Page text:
Home > Exploring social support and identity in recovery: a photovoice study.

Rhynas, Sarah and Schölin, Lisa and Cuthill, Fiona and Walker, Brandan and Holloway, Aisha (2020) Exploring social support and identity in recovery: a photovoice study. London: Alcohol Change UK.

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Recovery from addiction can be a challenging and fluctuating journey and individual support needs vary throughout. Services for people in recovery have changed significantly in recent years, with emphasis placed on solutions and service-user experiences rather than traditional treatment approaches. However, the ‘key ingredients’ that help people to sustain recovery are not yet fully understood. This project aimed to explore what helps people to achieve and sustain recovery, in relation to social support, and both social and individual identity changes.

Key findings:
• Recovery is embraced and sustained by embedding the tools used in early recovery into an ongoing lifestyle to support an emerging recovery identity.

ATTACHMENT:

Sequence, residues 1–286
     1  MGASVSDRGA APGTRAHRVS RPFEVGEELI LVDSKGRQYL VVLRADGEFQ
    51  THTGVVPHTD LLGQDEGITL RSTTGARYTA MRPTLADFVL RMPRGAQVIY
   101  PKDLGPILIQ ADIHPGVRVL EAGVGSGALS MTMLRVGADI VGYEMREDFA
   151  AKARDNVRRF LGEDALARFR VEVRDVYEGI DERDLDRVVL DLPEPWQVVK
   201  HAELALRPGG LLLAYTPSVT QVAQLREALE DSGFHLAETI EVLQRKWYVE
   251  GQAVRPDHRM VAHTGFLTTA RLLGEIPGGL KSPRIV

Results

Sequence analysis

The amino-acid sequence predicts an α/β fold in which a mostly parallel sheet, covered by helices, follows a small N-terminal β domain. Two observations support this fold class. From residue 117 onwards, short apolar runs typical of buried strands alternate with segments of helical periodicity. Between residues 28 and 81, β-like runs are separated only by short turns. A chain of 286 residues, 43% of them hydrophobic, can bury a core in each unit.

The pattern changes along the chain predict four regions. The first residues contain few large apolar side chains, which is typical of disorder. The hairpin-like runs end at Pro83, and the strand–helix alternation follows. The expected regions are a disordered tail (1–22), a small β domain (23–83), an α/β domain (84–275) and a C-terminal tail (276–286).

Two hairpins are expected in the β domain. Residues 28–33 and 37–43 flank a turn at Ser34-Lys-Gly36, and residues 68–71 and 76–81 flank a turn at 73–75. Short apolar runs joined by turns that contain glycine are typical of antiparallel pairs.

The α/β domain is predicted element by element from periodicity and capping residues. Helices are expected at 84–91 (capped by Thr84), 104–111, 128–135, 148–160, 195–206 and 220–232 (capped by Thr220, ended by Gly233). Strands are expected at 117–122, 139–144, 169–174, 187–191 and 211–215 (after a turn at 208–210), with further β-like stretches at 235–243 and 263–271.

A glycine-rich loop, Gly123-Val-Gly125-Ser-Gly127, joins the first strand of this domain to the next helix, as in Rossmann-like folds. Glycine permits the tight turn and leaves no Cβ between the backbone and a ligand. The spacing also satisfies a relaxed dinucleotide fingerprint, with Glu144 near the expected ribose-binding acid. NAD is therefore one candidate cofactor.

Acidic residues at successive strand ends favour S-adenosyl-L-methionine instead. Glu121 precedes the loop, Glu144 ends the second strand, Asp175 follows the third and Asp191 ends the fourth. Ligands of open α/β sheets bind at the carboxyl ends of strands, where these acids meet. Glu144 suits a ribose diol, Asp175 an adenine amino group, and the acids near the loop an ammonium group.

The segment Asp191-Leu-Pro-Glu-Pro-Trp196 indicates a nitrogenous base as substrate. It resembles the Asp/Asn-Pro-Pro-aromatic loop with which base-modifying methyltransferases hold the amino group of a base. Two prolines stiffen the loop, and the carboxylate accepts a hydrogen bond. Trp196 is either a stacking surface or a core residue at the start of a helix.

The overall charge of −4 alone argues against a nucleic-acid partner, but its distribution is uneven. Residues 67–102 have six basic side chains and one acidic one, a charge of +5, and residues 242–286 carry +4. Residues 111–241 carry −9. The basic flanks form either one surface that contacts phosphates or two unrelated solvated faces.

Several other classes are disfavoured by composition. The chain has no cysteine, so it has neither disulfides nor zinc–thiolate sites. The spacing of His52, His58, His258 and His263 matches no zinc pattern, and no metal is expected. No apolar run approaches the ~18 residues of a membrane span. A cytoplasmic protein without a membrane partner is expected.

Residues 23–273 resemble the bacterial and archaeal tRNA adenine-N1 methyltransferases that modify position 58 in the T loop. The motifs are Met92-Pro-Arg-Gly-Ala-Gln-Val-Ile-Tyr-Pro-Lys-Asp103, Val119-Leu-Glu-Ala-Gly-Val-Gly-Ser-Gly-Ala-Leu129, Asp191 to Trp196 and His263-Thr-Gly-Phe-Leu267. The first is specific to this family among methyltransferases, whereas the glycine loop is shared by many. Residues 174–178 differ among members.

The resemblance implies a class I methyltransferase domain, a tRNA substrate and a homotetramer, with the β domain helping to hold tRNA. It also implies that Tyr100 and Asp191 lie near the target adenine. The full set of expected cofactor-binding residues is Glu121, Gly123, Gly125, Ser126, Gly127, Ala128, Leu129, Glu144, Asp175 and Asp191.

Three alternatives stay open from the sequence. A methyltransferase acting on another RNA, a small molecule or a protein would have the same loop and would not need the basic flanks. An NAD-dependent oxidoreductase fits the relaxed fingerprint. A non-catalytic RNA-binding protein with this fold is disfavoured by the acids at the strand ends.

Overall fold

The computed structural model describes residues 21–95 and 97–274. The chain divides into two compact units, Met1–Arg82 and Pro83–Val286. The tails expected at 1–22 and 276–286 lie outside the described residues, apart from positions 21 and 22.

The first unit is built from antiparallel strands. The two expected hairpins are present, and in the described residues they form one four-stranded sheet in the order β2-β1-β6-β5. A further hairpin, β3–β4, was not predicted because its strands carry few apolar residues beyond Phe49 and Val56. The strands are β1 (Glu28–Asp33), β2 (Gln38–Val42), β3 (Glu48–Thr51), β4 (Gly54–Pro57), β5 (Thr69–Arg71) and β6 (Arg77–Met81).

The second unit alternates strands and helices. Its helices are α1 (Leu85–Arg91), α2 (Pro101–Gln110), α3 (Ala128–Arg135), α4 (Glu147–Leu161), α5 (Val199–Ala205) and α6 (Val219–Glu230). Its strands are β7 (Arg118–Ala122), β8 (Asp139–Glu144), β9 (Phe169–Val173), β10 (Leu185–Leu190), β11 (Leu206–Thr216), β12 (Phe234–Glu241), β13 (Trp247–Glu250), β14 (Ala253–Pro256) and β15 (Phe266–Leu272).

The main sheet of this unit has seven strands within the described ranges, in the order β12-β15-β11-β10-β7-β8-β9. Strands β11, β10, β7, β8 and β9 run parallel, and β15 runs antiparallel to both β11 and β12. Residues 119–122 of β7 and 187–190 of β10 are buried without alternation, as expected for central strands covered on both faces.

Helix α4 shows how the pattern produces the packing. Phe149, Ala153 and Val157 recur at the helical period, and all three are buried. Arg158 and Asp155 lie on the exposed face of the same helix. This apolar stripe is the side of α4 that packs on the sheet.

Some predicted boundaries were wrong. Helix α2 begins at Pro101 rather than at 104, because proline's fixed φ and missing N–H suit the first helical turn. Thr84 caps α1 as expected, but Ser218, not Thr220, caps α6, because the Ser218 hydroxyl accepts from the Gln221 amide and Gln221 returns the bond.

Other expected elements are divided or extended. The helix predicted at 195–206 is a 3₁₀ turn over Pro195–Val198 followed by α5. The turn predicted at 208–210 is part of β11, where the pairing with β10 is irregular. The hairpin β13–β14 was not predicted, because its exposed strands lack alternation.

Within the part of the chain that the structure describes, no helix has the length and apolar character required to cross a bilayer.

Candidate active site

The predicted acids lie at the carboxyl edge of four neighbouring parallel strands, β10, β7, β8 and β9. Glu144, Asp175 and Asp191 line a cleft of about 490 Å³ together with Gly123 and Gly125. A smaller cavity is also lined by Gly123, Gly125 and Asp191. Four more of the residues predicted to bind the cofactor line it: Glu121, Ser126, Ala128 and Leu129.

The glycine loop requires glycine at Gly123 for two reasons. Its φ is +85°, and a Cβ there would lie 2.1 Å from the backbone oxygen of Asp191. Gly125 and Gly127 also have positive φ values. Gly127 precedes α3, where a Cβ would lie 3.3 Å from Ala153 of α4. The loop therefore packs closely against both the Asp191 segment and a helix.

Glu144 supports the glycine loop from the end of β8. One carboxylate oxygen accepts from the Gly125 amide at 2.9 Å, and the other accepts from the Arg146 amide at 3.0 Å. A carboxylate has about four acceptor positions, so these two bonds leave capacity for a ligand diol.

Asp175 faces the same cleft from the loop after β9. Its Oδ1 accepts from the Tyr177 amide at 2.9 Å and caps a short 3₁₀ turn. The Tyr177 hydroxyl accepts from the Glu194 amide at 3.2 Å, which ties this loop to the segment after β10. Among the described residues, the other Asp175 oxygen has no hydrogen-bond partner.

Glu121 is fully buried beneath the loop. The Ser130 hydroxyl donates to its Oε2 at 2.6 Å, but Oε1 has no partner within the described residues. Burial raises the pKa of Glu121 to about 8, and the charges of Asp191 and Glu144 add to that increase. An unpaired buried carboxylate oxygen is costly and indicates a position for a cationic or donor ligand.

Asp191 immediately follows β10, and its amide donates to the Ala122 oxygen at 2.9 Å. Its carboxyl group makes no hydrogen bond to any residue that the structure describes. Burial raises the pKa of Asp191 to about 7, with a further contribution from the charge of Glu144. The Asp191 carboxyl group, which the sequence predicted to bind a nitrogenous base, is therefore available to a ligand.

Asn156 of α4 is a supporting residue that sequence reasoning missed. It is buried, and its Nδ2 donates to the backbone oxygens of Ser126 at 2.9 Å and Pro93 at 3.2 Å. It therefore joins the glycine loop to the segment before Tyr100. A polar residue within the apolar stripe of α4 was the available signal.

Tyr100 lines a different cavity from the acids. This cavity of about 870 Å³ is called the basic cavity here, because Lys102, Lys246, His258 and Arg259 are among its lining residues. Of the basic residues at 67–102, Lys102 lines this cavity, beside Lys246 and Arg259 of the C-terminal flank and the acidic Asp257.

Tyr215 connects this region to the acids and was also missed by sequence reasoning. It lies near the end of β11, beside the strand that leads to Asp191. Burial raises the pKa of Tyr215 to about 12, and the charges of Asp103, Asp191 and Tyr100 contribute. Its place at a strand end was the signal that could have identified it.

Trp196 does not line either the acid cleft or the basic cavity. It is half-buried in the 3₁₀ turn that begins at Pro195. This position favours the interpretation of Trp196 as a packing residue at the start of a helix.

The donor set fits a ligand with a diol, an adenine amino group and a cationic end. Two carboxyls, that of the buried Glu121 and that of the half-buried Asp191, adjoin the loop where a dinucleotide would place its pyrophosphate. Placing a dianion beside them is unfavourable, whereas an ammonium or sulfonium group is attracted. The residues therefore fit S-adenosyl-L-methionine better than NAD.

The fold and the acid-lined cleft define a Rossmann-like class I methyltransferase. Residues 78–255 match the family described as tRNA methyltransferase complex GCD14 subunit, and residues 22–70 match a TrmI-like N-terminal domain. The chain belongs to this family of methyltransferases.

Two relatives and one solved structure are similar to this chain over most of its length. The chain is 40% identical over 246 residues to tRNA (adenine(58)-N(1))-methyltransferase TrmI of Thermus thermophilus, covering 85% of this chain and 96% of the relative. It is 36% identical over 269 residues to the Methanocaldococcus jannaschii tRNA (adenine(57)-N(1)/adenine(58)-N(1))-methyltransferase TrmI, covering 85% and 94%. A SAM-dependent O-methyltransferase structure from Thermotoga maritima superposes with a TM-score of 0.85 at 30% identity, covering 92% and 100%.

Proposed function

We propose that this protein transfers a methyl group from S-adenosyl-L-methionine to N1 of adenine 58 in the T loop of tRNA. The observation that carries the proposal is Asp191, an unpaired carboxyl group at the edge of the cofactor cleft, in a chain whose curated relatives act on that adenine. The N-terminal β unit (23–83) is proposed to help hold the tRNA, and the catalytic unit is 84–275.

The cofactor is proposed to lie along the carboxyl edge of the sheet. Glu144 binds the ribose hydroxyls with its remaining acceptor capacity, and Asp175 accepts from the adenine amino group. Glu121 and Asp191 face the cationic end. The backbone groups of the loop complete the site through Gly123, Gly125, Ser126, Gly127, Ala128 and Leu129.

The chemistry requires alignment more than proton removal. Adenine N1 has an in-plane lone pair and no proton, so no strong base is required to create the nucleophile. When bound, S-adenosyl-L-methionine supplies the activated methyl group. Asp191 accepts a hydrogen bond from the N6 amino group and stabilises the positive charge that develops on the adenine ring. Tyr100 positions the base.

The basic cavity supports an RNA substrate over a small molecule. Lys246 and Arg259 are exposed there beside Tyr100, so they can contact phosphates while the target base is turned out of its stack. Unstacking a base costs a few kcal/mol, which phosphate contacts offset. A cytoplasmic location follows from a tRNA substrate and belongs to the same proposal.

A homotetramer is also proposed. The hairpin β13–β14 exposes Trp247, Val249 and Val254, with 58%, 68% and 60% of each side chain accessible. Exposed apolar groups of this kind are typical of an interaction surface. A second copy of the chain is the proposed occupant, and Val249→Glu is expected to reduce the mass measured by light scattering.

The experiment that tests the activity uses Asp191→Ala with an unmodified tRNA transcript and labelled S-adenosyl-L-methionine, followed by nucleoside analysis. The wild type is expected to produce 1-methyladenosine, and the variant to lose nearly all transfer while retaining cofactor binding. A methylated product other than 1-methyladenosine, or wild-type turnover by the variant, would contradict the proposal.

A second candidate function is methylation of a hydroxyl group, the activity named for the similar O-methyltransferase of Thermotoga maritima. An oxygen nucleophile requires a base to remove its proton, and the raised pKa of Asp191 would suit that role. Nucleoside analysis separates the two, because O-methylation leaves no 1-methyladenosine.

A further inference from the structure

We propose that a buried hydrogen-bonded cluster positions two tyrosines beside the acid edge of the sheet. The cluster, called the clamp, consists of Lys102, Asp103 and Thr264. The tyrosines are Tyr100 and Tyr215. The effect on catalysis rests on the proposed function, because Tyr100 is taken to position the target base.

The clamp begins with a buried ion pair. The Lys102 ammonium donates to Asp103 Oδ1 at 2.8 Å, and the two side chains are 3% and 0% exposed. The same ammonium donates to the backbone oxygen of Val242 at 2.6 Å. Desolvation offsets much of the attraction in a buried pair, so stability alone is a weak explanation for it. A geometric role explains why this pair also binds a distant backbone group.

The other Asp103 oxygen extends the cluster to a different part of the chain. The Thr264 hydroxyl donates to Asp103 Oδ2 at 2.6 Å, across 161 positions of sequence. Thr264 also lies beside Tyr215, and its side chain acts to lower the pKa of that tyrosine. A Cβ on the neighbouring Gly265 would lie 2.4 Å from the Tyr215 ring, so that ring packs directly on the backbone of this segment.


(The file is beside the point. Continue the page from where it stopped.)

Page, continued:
• Over time, strategies such as structuring time, being positively occupied, going to meetings and connecting with others become a stable base from which people can reach out for new experiences.
• Embedding these tools in an ongoing lifestyle provides individuals with the safety and security to try new things beyond the recovery community.
• Visible recovery networks and role models encourage access to recovery and help individuals to develop and sustain their own identity in recovery.
• Supportive social spaces to build networks and share experiences are central to enduring recovery.

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